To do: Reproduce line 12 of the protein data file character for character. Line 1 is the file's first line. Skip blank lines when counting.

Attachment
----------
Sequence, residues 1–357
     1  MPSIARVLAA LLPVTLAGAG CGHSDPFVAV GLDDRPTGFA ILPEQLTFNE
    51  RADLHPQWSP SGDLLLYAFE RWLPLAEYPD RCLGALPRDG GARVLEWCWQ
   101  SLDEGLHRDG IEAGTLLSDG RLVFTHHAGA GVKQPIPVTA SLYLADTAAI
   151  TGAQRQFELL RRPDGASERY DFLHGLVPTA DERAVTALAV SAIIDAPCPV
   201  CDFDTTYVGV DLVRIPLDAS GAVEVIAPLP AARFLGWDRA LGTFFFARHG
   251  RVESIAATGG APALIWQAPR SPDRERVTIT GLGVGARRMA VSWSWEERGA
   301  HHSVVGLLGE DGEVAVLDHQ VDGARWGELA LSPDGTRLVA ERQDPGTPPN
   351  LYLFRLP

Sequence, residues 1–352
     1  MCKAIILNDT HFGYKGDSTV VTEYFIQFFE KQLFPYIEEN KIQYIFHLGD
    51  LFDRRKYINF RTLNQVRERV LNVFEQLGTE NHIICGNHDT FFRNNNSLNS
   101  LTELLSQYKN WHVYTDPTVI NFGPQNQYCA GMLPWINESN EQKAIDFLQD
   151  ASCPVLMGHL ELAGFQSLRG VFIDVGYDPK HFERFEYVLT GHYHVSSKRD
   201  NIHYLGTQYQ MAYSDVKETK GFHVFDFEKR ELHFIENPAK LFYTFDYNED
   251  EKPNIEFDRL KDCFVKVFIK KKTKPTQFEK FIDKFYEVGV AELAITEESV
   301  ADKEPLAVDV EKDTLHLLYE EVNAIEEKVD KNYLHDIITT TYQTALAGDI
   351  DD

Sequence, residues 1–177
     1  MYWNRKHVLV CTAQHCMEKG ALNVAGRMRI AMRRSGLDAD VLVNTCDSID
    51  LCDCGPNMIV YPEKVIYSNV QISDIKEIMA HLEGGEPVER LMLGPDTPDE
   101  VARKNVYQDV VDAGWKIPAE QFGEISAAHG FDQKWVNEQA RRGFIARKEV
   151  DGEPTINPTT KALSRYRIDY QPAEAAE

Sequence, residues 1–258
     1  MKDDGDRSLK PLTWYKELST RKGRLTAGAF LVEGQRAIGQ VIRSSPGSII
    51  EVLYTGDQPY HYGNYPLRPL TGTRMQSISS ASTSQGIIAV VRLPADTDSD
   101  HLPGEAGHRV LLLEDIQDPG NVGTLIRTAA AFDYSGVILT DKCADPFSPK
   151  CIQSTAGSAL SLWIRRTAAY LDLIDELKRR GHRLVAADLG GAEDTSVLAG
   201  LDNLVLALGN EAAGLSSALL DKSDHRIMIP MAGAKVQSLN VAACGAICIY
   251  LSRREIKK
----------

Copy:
    51  LFDRRKYINF RTLNQVRERV LNVFEQLGTE NHIICGNHDT FFRNNNSLNS